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Civil Society in the Congo Basin Sets Out Vision for Climate Change Mitigation and Adaption

31 March 2021

Civil society organisations in the Democratic Republic of Congo (DRC) and the Republic of Congo (RoC) are calling for much greater inclusion of forest communities and forest governance reforms in their governments’ plans to address the climate crisis.

In the run up to this year’s crucial climate summit in Glasgow this November, countries around the world are due to revise nationally determined contributions (NDCs) to the Paris Accord - a legally binding international treaty that seeks to limit global warming to 1.5° Celsius above pre-industrial levels.

With DRC and RoC holding three quarters of the world’s second largest rainforest and with land use change accounting for the largest source of carbon emissions in both countries, their NDCs will focus heavily on reducing deforestation and degradation. What is less clear is how they will achieve this and what the impacts on forest-dependent communities will be.

In order to support those working on the frontline of the fight against tropical deforestation, a civil society initiative supported by RFUK and funded by UKAID is raising awareness of the countries’ climate plans, soliciting recommendations for what should be included in the NDCs and supporting engagement with policy makers.

In DRC, this process is led by Action pour la Promotion et Protection des Peuples et Espèces Menacées (APEM) in collaboration with the national network Groupe de Travail Climat REDD Renouvé (GTCRR). In RoC, it is Comptoir Juridique Junior (CJJ) in partnership with Observatoire Congolais des Droits de l’Homme (OCDH) and the other members of the Plateforme pour la Gestion Durable des Forêts (PGDF).

Although the context is quite different in DRC and RoC, increasing community and civil society participation, enhancing forest governance, and securing the rights of forest communities are predominant themes in position papers that were developed for both countries.

To improve participation, civil society urges greater transparency in the revision of the NDCs, reinforcing dialogue with different ministries, strengthening existing laws on participation, and obtaining the free, prior and informed consent (FPIC) of communities that will be affected by future developments in forests. Each paper pays special attention to the need for better involvement of Indigenous Peoples and women in such processes.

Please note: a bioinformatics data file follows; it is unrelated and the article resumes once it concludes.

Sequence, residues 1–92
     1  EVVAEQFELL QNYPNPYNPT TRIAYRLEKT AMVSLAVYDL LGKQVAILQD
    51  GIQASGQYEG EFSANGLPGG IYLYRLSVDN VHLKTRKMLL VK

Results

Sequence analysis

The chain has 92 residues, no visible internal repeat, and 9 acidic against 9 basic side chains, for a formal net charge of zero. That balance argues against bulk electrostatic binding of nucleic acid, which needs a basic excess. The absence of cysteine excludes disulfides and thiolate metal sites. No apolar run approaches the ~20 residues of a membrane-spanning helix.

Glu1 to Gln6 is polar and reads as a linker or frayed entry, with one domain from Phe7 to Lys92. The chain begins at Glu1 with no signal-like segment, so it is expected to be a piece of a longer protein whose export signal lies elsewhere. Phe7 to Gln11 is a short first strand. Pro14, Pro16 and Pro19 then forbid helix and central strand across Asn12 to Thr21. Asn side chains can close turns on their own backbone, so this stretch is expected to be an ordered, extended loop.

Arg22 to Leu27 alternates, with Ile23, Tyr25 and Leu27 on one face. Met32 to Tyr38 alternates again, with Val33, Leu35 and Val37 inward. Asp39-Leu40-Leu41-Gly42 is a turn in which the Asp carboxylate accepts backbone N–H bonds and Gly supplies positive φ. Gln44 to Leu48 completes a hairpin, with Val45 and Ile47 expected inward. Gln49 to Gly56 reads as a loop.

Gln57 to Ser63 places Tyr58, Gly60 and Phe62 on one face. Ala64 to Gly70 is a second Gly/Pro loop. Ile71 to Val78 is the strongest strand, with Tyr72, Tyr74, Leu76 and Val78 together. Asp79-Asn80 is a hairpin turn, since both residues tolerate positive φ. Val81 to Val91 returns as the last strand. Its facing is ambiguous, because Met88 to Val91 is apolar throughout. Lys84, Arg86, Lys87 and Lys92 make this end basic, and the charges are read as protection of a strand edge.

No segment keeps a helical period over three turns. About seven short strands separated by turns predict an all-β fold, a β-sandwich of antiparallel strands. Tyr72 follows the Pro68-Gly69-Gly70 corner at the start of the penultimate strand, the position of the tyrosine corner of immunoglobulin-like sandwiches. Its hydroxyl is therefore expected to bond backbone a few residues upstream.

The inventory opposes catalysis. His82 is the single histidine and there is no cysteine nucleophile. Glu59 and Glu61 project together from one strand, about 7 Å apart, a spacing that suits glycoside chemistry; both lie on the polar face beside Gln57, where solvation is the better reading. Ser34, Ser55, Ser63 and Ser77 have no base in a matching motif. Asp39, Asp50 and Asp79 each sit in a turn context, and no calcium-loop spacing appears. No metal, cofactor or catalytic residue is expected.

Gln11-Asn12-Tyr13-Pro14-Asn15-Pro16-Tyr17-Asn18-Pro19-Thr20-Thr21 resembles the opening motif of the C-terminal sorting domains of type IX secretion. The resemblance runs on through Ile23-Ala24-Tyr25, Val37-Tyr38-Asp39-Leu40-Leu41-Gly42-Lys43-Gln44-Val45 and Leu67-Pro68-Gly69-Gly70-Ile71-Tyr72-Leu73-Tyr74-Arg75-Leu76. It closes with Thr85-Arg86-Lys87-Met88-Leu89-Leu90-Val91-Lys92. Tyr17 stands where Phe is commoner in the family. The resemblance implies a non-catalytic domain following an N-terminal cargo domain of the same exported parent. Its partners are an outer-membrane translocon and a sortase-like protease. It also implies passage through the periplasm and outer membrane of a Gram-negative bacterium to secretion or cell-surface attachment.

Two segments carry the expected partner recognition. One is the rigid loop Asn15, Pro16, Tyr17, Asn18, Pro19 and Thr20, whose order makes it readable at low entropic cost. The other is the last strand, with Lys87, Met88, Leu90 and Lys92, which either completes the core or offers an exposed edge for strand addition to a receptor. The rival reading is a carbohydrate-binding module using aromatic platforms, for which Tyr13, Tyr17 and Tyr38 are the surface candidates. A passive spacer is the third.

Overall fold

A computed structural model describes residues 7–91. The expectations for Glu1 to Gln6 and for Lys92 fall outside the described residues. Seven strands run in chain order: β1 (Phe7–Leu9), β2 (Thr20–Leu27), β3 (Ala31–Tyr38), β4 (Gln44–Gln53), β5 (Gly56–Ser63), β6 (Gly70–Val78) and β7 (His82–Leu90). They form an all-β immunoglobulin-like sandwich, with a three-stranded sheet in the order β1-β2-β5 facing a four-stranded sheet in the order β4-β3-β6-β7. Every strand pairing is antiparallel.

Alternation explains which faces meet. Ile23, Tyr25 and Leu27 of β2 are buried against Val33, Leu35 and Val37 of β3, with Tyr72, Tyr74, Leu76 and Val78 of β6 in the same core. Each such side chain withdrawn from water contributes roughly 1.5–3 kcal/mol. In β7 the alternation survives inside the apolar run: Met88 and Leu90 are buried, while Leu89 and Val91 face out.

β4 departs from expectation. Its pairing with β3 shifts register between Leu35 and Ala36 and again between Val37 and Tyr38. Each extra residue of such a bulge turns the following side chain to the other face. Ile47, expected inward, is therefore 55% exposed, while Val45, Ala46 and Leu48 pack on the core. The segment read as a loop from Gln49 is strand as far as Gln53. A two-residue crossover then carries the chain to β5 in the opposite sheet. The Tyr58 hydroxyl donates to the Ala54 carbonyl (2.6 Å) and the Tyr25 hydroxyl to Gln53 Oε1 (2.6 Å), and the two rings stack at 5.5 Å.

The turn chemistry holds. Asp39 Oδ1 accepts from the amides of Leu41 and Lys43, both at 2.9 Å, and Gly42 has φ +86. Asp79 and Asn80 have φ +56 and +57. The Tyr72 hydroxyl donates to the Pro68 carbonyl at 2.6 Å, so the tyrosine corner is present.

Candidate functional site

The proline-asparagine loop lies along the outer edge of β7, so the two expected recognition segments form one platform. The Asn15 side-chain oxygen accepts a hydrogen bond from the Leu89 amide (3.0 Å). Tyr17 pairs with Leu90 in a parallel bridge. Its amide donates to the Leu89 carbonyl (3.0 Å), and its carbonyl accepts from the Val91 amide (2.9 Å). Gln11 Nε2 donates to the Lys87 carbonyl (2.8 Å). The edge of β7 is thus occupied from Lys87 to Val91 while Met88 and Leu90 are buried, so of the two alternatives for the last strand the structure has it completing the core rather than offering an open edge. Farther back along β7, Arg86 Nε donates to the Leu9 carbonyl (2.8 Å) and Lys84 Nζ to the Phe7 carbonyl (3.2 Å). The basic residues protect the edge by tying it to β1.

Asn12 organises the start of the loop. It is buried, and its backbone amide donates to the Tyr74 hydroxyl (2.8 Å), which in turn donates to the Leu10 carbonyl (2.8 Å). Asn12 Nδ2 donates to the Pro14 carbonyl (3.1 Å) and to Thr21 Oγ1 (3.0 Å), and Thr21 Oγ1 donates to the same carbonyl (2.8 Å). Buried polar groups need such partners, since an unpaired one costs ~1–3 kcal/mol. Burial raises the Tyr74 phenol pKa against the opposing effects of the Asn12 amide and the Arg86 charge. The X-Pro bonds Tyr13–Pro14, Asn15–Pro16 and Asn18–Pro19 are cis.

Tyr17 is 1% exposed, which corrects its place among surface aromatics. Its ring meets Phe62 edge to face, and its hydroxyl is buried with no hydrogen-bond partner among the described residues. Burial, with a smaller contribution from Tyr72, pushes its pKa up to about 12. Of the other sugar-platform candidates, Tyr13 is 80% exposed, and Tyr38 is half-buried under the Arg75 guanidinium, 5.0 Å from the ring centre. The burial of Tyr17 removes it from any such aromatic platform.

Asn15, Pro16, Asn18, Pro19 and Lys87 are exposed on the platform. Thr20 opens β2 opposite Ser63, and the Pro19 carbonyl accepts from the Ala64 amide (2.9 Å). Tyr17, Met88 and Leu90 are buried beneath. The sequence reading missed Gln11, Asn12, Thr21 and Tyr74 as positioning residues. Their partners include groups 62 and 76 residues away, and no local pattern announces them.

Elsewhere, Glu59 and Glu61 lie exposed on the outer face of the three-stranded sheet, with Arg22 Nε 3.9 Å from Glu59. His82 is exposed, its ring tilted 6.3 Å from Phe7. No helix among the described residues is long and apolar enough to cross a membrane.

On governance, the papers both underscore the need to address illegal exploitation and deep-rooted corruption in natural resource management if the countries are to meet their climate pledges. In practical terms, this means transferring greater powers to local communities, equipping them with tools such as ForestLink to monitor and protect their forests and ensuring proper oversight of the NDCs over their five-year timespan.

The position papers also highlight the need for the NDCs to reduce administrative and political barriers for communities to secure rights to their ancestral forests such as through community forests or indigenous and community conserved areas. This is particularly pressing in the carbon-rich Cuvette Centrale peatlands, which span DRC and RoC and house 30 gigatons of carbon, equivalent to 20 years of US greenhouse gas emissions.

To read the full set of recommendations from civil society organisations, please consult DRC’s position paper here and RoC’s position paper here.  

 

"Improving governance in DRC is a prerequisite for the successful implementation of the NDC. A failure in one sector can compromise these efforts. COP26 must inaugurate a new era: the reconciliation between man and nature. We must stop using the planet as if we had another one to spare when we have only one."

- Prince Lungungu, Project Leader and Lawyer for APEM

"Securing the rights of local communities and indigenous peoples is fundamental to achieving sustainable and equitable outcomes. Hence, it is essential that the government take internal measures for mitigation to achieve the objectives of the NDC." 

- Lilian Barros, CJJ Permanent Secretary and PGDF Coordinator

 

Family photo of participants to APEM and GTCRR’s workshop to validate their NDC position paper in the Democratic Republic of Congo.

Members of the PGDF in the process of validating their position paper on the NDC in Republic of Congo.

 

News articles related to the initiative:

https://www.facebook.com/100052261235904/videos/228598528892187/?_rdc=1&_rdr

https://acpcongo.com/index.php/2020/12/23/validation-des-notes-de-position-sur-la-cdn-en-matiere-de-changement-climatique-et-sur-le-cadre-mondial-de-la-biodiversite-post-2020-a-kinshasa/

https://www.environews-rdc.org/2020/12/17/biodiversite-presentation-et-validation-des-notes-de-position-sur-la-cdn-et-le-cadre-mondial-sur-la-biodiversite/

https://www.environews-rdc.org/2020/10/08/climat-les-organisations-de-la-societe-civile-environnementale-se-concertent-pour-parler-un-meme-langage-a-la-cop-26-sur-le-climat-et-la-cop-15-sur-la-biodiversite/?fbclid=IwAR01jsTU4Tx_JzJc7yCoCyP5QgQaNOJh

 

The position papers do not necessarily reflect the views of RFUK

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